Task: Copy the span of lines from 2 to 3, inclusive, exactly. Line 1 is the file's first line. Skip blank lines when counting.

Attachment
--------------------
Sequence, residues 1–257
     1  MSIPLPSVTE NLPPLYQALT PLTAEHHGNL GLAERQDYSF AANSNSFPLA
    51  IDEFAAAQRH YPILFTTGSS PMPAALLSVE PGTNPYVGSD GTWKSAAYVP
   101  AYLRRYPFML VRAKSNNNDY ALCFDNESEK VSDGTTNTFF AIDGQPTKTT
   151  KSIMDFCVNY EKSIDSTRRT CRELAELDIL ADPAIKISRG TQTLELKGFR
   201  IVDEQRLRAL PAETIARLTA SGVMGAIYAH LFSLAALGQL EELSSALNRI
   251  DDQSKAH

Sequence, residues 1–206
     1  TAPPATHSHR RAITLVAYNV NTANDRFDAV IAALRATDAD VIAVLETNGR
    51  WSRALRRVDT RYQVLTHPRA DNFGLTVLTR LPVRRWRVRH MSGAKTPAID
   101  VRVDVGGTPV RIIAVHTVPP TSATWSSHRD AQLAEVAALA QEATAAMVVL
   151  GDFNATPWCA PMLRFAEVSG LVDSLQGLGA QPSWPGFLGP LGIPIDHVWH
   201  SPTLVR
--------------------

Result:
     1  MSIPLPSVTE NLPPLYQALT PLTAEHHGNL GLAERQDYSF AANSNSFPLA
    51  IDEFAAAQRH YPILFTTGSS PMPAALLSVE PGTNPYVGSD GTWKSAAYVP